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Editorial: A novel robotic procedure for bladder outlet obstruction

We have become used to talking about robotic surgery in urology when we really mean robot‐assisted surgery. The novel aquablation procedure (AquaBeam®) for bladder outlet obstruction (BOO) described by Plante et al. [1] is executed by a robotically controlled waterjet system, conducting a pre‐planned image‐guided resection once the radiological parameters have been entered into the system. This is performed under real‐time ultrasonography guidance. It will deliver a standardized way of carrying out the surgery and will, to a large extent, take away the surgical learning curve whilst introducing a new imaging learning curve.

The present study [1] is an analysis of pre‐planned and exploratory subsets of patients from the WATER study [2], and confirms data from earlier studies [3,4]. The study suggests that, compared with TURP, aquablation is particularly effective in improving both LUTS and bother in the medium‐sized to larger prostate (50–80 mL) and in potentially more challenging prostates such as those with large middle lobes or middle lobe obstruction (judged at pre‐procedure cystoscopy).

It is suggested that the ability to map the resection plane surgically may enable the preservation of key anatomical landmarks and preserve normal sexual function. In this study, anejaculation occurred in only 2% of patients with larger prostates (>50 mL) in the aquablation group compared with 41% of comparable patients undergoing TURP (P < 0.001). The rate of anejaculation however appeared relatively higher in the overall aquablation group, at 10%, compared with 36% in the overall TURP group (P < 0.001). A prostate volume between 30 and 80 mL was an inclusion criterion for the WATER study. This procedure therefore appears to give the best possible rate of anejaculation in a resective surgical intervention in patients with a larger prostate and may have less advantage in patients with a smaller prostate.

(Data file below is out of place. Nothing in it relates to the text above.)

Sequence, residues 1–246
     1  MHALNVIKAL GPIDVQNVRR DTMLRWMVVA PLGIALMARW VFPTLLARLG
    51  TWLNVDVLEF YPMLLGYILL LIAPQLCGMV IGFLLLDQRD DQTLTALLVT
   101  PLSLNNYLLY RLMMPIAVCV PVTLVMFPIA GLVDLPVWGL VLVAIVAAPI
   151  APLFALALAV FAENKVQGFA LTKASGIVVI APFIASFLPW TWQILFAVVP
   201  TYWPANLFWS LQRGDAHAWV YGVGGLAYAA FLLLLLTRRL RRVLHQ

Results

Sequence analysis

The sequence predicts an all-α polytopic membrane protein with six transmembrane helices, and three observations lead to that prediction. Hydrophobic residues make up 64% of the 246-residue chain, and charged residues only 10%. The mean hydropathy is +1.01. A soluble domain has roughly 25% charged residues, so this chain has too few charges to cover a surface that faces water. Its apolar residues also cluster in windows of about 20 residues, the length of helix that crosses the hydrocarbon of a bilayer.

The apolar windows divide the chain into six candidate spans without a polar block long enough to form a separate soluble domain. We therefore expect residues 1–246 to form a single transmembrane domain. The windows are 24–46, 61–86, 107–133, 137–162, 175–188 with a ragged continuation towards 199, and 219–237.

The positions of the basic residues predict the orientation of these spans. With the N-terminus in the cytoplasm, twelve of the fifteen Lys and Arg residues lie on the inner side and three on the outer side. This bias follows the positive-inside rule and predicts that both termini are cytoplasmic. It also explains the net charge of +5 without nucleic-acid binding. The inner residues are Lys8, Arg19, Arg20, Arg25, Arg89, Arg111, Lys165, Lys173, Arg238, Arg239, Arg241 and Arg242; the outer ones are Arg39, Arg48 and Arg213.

Interestingly, the relative overall symptom relief advantage of aquablation over TURP was also not proven in men with smaller prostates; TURP may be equally effective at removing obstructing tissue in smaller as compared to larger prostates. It is not yet clear whether aquablation would not be recommended for prostates below a certain size. In the more recent WATER II study in 101 men with a mean prostate volume of 107 mL, aquablation was also shown to be feasible and safe in men with large prostates (80–150 mL) [5].

There will always be a possible downside to novel treatments and this may relate to poor radiological data entry which may, in turn, lead to sphincter damage, although this has not been an issue in the carefully controlled studies to date. There are also reports of troublesome postoperative bleeding in some cases, although haemostasis can be effectively achieved via a catheter balloon tamponade and traction device or by electrocautery [5,6].

Unlike most other surgical treatments for BOO, the resection times for aquablation are almost independent of prostate volume, although the overall operating time is similar to that of TURP, with the majority of the time being spent in the set up and image planning.

The principal study (WATER) [2] on which this sub‐analysis by Plante et al. is based is an example of a high‐quality randomized controlled trial but still represents data on only 116 patients undergoing aquablation and 65 undergoing TURP; therefore, more randomized controlled trial data and long‐term effectiveness studies are clearly needed. Formal urodynamic studies and trials in patients with even larger prostates would also be appropriate. In addition, there are still few published data on the cost‐effectiveness of aquablation, although it is likely to be in the range of higher‐cost laser ablation therapies.

With better radiology and machine learning or artificial intelligence, this technique may lead to truly standardized BOO surgery with more complete resection and may thereby reduce outcome variability.


  1. Plante, MGilling, PBarber, N et al. Symptom relief and anejaculation after aquablation or transurethral resection of the prostate: subgroup analysis from a blinded randomized trial. BJU Int 2019123651– 60
  2. Gilling, PBarber, NBidair, M et al. WATER: a double‐blind, randomized, controlled trial of Aquablation® vs transurethral resection of the prostate in benign prostatic hyperplasia. J Urol 20181991252– 61
  3. Gilling, PReuther, RKahokehr, A et al. Aquablation ‐ image‐guided robot‐assisted waterjet ablation of the prostate: initial clinical experience. BJU Int 2016117923– 9
  4. Gilling, PAnderson, PTan, AAquablation of the prostate for symptomatic benign prostatic hyperplasia: 1‐year results. J Urol 20171971565– 72
  5. Desai, MBidair, MBhojani, N et al. WATER II (80‐150 mL) procedural outcomes. BJU Int 2019;123106– 12
  6. Aljuri, NGilling, PRoehrborn, CHow I do it: balloon tamponade of prostatic fossa following Aquablation. Can J Urol 2017248937– 40


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